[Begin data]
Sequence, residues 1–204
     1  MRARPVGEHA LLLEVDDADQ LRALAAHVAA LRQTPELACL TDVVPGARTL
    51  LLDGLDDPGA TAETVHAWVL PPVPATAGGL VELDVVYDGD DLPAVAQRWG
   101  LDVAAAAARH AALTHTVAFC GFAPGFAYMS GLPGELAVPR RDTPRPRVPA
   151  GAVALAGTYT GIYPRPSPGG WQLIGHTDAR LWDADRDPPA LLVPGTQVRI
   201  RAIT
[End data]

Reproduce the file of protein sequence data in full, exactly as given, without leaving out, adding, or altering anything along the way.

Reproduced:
Sequence, residues 1–204
     1  MRARPVGEHA LLLEVDDADQ LRALAAHVAA LRQTPELACL TDVVPGARTL
    51  LLDGLDDPGA TAETVHAWVL PPVPATAGGL VELDVVYDGD DLPAVAQRWG
   101  LDVAAAAARH AALTHTVAFC GFAPGFAYMS GLPGELAVPR RDTPRPRVPA
   151  GAVALAGTYT GIYPRPSPGG WQLIGHTDAR LWDADRDPPA LLVPGTQVRI
   201  RAIT